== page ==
Doctor of Philosophy
Epidemiology and Biostatistics
Speechley, Kathy N
The long-term prognosis of pediatric epilepsy is favorable with respect to seizures, whereby 66% to 80% of children attain seizure control. However, psychiatric and psychosocial problems among children with epilepsy (CWE) and their parents are common, and little is known about their long-term outcomes. The objectives of this dissertation were to: 1) validate a parent-reported measure of young adult’s health-related quality of life (HRQOL), to allow for a consistent informant to report on CWE’s HRQOL from childhood into young adulthood; 2) delineate the long-term course of CWE’s HRQOL and identify the clinical, parent, and family characteristics associated with the trajectory of HRQOL; 3) evaluate the long-term HRQOL of mothers of CWE and identify the factors associated with long-term HRQOL; and 4) delineate the long-term course of depressive symptoms for mothers of CWE and identify factors associated with the trajectory of depressive symptoms.
Data came from the Heath-related Quality of Life in Children with Epilepsy Study (HERQULES), a Canada-wide prospective cohort study of 373 children, aged 4 – 12 years, with newly diagnosed epilepsy. Parents completed questionnaires at the time of epilepsy diagnosis, and 0.5, 1, 2, 8, and 10 years later. CWE’s and their mothers’ HRQOL were measured using the Quality of Life in Childhood Epilepsy Questionnaire, and the Short Form Health Survey, respectively. Mothers’ depressive symptoms were measured using the Center for Epidemiological Studies Depression Scale. Latent class growth models were used to evaluate the trajectory of CWE’s HRQOL and their mothers’ depressive symptoms over the long-term.
We found that changes in CWE’s HRQOL observed within the first two years after diagnosis of epilepsy remained stable over the long-term, and that mothers’ depressive symptoms largely remained stable over the entire follow-up period . The long-term trajectory of CWE’s HRQOL and mothers’ depressive symptoms were associated with the severity of epilepsy, neuropsychological comorbidities and family functioning at the time of epilepsy diagnosis. These results are important in identifying long-term outcomes and showing that targeting the family environment early on may lead to optimal HRQOL and mental health for children with epilepsy and their parents.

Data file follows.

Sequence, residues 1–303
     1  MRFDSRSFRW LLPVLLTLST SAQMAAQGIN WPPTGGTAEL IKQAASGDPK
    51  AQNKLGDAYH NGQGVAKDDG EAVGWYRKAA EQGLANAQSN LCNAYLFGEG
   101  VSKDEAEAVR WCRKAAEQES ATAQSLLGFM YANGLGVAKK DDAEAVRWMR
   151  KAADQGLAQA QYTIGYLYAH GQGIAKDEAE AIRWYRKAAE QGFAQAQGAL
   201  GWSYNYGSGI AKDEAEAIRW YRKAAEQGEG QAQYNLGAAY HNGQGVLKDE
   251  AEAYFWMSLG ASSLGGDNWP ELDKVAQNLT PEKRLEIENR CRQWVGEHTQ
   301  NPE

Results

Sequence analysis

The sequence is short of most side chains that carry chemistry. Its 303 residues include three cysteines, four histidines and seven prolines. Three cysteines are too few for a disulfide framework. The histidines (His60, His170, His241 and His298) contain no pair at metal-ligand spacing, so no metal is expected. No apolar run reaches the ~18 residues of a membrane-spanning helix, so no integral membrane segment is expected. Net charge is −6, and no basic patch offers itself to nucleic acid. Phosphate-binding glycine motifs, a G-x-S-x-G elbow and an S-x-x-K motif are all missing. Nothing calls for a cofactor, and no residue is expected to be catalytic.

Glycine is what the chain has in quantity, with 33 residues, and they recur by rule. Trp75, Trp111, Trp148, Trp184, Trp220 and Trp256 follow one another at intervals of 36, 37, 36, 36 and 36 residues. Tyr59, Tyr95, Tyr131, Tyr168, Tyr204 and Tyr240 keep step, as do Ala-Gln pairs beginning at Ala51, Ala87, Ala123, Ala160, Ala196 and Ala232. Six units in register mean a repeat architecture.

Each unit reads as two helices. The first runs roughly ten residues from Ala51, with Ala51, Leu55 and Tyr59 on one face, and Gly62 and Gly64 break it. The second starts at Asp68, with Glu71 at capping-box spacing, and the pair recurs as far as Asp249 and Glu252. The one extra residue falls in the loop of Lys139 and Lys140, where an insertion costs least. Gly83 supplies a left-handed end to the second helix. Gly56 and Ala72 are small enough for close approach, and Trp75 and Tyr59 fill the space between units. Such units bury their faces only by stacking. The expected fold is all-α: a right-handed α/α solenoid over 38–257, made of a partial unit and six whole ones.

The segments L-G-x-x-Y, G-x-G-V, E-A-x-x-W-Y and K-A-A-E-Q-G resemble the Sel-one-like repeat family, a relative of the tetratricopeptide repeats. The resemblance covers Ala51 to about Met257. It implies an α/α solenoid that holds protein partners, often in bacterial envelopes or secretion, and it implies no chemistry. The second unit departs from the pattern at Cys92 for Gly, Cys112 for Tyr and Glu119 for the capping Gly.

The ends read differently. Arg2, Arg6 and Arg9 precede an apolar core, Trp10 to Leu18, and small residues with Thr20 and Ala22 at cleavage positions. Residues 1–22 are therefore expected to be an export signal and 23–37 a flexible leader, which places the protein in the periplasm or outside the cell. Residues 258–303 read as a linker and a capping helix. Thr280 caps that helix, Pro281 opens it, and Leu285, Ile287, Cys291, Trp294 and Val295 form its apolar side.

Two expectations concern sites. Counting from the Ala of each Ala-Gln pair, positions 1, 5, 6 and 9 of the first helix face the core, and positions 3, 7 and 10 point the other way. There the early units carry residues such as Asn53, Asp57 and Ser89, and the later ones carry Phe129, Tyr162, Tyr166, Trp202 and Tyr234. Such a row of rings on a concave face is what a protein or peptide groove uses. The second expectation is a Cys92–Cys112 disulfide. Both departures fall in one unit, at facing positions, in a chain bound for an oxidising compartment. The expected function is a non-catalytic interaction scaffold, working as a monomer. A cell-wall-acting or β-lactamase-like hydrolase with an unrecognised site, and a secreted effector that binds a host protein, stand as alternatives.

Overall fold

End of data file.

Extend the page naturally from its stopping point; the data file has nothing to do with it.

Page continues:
Summary for Lay Audience
Epilepsy is a condition of the brain characterized by repeated seizures. In the long-term, most children with epilepsy attain seizure control. However, there is increasing evidence about the impact of epilepsy beyond seizures, finding that children and their parents commonly have mental health problems (such as depression) and poor quality of life. Little is known about the long-term outcome of quality of life and mental health for children with epilepsy and their parents. The primary objective of this dissertation was to describe the course of quality of life and depression over the long-term for children with epilepsy and their mothers, respectively. A secondary objective was to identify the characteristics of epilepsy, children, parents, and the family that are associated with the patterns of quality of life and depression observed over time.
Neurologists practising across Canada identified children, aged 4 – 12 years, with newly diagnosed epilepsy. A total of 373 families participated by completing questionnaires at the time of epilepsy diagnosis and 0.5, 1, 2, 8, and 10 years later. At each time parents completed questionnaires reporting on their children’s quality of life and their own depressive symptoms.
We found that children’s quality of life changed most during the first two years after their epilepsy diagnosis, and remained stable thereafter over the long-term. One-third of children had a relatively poor quality of life at the time of epilepsy diagnosis and throughout the 10-year follow-up. We also found that mothers’ depressive symptoms remained stable over the long-term for most mothers, with 20% reporting high scores for depression symptoms throughout the 10-year follow-up. The patterns for children’s quality of life and mothers’ depressive symptoms over time were poorer among those with a more severe epilepsy, with cognitive/behavioral problems, and poorer family environment at the time of epilepsy diagnosis. These results are important in understanding long-term outcomes and showing that targeting the family environment early on may lead to improvements in quality of life and mental health for children with epilepsy and their parents.
Puka, Klajdi, "Childhood-onset epilepsy and long-term child and maternal well-being" (2021). Electronic Thesis and Dissertation Repository. 7738.
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